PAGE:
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WHO says it no longer uses 'pandemic' category, but virus still emergency

Fears of a coronavirus pandemic grew after sharp rises in new cases reported in Iran, Italy and South Korea, although China relaxed restrictions on movement in several places including Beijing as its rates of new infections eased.

February 24, 2020 / 08:45 PM IST

The World Health Organization no longer uses the classification pandemic, but the COVID-19 coronavirus outbreak remains an international emergency that is likely to spread further, a spokesman said on Monday.

Fears of a coronavirus pandemic grew after sharp rises in new cases reported in Iran, Italy and South Korea, although China relaxed restrictions on movement in several places including Beijing as its rates of new infections eased.

The Geneva-based WHO declared the 2009 H1N1 swine flu outbreak a pandemic, which turned out to be mild, leading to some criticism after pharmaceutical companies rushed development of vaccines and drugs.

WHO declared the novel coronavirus that emerged in Wuhan, China, in December a public health emergency of international concern, known as a PHEIC, on Jan. 30. The designation, which remains in place, was aimed at helping countries with weaker health systems shore up their defences, especially in Africa.

Since then the virus has spread, with more than 77,000 known infections in China, including 2,445 deaths, and 1,769 cases and 17 deaths in 28 other countries, the latest WHO figures show. South Korea, Japan and Italy are experiencing large outbreaks.

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COVID-19 Vaccine

Frequently Asked Questions

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How does a vaccine work?

A vaccine works by mimicking a natural infection. A vaccine not only induces immune response to protect people from any future COVID-19 infection, but also helps quickly build herd immunity to put an end to the pandemic. Herd immunity occurs when a sufficient percentage of a population becomes immune to a disease, making the spread of disease from person to person unlikely. The good news is that SARS-CoV-2 virus has been fairly stable, which increases the viability of a vaccine.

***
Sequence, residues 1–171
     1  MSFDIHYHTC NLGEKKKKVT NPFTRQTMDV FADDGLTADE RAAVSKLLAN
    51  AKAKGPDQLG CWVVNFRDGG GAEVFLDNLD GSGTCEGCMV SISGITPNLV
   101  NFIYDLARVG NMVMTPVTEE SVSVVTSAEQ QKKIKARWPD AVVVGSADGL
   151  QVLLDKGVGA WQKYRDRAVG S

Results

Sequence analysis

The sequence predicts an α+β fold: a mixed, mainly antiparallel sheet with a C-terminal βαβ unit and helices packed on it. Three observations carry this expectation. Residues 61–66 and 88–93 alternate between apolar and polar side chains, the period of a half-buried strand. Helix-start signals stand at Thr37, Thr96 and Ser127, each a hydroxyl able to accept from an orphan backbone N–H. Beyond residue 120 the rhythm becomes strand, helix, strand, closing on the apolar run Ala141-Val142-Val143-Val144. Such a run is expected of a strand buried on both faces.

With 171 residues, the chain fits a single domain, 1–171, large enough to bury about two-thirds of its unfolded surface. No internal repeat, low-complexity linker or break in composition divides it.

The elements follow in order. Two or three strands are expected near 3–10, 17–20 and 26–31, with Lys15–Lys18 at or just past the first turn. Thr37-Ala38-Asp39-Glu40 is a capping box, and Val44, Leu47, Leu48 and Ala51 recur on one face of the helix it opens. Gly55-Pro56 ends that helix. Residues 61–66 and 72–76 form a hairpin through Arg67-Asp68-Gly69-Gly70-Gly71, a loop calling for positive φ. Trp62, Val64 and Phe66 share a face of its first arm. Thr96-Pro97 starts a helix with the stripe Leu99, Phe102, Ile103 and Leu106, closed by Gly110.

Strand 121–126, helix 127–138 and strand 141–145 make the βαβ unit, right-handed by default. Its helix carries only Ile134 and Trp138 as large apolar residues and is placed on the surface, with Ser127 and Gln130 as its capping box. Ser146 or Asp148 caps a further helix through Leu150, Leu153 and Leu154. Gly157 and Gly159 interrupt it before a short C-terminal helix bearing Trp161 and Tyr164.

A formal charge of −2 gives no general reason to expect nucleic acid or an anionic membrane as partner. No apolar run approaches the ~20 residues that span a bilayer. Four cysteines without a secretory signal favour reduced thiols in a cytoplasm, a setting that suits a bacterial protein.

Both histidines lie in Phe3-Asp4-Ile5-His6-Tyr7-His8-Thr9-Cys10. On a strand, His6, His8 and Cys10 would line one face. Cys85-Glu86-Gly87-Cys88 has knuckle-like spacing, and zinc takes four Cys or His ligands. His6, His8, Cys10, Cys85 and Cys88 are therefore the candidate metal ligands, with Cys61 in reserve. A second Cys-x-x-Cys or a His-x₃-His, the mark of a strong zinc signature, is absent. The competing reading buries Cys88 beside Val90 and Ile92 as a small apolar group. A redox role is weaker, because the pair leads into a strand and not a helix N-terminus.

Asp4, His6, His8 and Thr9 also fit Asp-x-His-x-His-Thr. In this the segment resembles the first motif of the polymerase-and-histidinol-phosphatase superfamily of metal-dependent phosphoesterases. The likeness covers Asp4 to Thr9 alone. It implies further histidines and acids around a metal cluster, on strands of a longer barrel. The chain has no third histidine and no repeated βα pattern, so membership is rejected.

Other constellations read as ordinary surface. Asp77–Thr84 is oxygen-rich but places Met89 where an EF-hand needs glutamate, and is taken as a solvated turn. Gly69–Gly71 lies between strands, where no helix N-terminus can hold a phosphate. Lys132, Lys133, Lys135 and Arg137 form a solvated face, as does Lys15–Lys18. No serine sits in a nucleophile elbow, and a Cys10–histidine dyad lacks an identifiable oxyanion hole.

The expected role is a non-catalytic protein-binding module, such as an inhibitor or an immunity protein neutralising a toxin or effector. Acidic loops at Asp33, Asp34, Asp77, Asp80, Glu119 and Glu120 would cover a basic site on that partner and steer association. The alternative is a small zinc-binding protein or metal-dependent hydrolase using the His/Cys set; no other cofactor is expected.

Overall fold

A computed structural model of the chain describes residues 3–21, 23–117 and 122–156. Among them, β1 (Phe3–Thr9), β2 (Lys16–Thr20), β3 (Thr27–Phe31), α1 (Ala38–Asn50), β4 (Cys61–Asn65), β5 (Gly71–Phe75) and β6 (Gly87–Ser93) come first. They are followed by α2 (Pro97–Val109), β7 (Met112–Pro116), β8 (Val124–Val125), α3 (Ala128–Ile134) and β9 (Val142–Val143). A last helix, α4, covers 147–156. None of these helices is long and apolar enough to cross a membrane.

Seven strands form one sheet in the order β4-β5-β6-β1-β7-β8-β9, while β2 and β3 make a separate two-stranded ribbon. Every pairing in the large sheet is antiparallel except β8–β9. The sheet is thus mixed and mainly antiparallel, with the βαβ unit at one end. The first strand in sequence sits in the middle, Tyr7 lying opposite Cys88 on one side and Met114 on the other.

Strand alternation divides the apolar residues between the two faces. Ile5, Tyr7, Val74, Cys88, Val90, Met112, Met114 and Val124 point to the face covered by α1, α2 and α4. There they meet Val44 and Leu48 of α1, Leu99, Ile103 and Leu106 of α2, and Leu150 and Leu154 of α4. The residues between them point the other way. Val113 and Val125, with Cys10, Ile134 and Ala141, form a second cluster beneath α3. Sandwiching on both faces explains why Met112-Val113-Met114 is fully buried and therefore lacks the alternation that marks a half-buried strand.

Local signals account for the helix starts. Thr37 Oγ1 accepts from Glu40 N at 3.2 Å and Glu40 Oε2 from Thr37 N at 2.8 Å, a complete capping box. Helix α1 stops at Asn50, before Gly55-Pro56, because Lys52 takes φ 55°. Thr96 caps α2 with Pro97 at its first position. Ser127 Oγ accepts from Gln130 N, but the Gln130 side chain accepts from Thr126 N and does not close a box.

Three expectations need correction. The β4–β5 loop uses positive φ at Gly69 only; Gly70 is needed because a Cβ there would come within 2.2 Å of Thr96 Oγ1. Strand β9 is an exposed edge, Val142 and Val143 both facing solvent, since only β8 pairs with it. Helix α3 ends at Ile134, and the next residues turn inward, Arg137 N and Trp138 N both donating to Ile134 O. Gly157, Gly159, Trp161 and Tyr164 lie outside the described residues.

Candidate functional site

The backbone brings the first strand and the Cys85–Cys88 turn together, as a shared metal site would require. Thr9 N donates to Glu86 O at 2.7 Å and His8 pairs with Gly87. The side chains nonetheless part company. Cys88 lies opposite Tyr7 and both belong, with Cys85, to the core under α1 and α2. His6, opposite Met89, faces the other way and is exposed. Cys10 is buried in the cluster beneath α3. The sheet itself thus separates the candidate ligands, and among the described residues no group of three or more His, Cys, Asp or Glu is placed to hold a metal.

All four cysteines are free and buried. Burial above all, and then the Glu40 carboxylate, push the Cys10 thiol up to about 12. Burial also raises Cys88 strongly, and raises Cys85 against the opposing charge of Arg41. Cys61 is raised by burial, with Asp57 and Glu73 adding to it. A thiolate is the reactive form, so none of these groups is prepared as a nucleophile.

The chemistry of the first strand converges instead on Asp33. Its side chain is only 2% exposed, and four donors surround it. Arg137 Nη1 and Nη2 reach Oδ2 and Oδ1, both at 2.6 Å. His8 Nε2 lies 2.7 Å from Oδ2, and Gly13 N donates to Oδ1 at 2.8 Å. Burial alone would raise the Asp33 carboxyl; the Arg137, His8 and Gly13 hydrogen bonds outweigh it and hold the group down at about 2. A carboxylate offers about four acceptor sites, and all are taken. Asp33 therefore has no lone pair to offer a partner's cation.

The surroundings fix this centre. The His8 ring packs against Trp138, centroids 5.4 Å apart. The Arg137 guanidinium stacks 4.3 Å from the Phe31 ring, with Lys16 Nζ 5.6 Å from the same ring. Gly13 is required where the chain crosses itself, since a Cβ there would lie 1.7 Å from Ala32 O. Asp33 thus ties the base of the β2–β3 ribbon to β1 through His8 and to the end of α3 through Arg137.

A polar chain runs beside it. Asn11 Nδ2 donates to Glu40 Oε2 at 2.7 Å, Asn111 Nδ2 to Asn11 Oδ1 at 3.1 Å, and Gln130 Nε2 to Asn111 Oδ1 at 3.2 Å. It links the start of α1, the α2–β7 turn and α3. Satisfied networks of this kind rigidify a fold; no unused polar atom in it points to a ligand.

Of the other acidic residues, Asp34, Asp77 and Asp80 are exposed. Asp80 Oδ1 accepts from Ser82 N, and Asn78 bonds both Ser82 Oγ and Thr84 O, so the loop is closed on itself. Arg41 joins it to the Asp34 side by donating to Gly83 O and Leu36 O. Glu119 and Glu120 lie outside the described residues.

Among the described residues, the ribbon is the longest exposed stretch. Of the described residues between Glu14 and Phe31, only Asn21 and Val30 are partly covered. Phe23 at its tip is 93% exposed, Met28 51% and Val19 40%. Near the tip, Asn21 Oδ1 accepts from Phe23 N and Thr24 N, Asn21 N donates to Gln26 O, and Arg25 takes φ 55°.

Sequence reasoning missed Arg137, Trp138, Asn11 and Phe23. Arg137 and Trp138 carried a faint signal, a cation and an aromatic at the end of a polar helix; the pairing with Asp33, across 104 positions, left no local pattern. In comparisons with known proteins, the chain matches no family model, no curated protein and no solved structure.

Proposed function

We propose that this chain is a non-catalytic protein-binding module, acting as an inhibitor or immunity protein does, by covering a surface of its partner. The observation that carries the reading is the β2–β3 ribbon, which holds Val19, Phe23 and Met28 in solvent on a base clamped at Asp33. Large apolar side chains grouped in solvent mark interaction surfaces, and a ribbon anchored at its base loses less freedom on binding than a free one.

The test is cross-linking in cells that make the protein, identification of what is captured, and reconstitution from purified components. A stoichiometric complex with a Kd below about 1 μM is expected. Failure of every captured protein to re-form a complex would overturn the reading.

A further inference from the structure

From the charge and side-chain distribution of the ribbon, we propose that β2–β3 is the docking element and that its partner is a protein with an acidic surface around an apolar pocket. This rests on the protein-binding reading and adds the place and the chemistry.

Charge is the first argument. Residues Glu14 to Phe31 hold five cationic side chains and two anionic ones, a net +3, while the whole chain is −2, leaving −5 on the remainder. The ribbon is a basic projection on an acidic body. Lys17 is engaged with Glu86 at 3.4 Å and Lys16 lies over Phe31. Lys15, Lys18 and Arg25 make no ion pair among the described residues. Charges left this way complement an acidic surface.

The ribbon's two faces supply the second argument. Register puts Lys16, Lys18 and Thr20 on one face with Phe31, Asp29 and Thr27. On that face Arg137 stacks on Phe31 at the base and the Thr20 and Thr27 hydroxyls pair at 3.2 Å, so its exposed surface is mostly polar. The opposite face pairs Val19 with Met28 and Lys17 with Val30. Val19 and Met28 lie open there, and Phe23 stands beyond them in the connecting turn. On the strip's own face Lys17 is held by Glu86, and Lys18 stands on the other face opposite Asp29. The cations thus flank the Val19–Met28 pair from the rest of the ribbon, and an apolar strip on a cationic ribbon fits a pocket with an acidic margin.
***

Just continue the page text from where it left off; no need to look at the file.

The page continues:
How many types of vaccines are there?

There are broadly four types of vaccine — one, a vaccine based on the whole virus (this could be either inactivated, or an attenuated [weakened] virus vaccine); two, a non-replicating viral vector vaccine that uses a benign virus as vector that carries the antigen of SARS-CoV; three, nucleic-acid vaccines that have genetic material like DNA and RNA of antigens like spike protein given to a person, helping human cells decode genetic material and produce the vaccine; and four, protein subunit vaccine wherein the recombinant proteins of SARS-COV-2 along with an adjuvant (booster) is given as a vaccine.

What does it take to develop a vaccine of this kind?

Vaccine development is a long, complex process. Unlike drugs that are given to people with a diseased, vaccines are given to healthy people and also vulnerable sections such as children, pregnant women and the elderly. So rigorous tests are compulsory. History says that the fastest time it took to develop a vaccine is five years, but it usually takes double or sometimes triple that time.

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"There is no official category (for a pandemic)," WHO spokesman Tarik Jasarevic said.

"For the sake of clarification, WHO does not use the old system of 6 phases — that ranged from phase 1 (no reports of animal influenza causing human infections) to phase 6 (a pandemic) — that some people may be familiar with from H1N1 in 2009," he said.

Colloquially, pandemic is used to denote the outbreak of a new pathogen that spreads easily person-to-person across the globe, Jasarevic said.

"What we are seeing at the moment are outbreaks and clusters of cases in multiple countries. Some countries have since stopped transmission. They must remain alert for the possibility of reintroduction. There will likely be more cases in more places," he said.

"Definitions and terminology aside, our advice remains the same, and we continue working with countries to limit the spread of the virus while also preparing for the possibility of wider spread," he said.

Tedros Adhanom Ghebreyesus, WHO director-general, said on Friday: "I would like to assure you we are following this virus 24/7 round the clock ... As we speak our situation is that we are still in a phase where containment is possible with a narrowing window of opportunity."

 
Reuters
first published: Feb 24, 2020 08:40 pm

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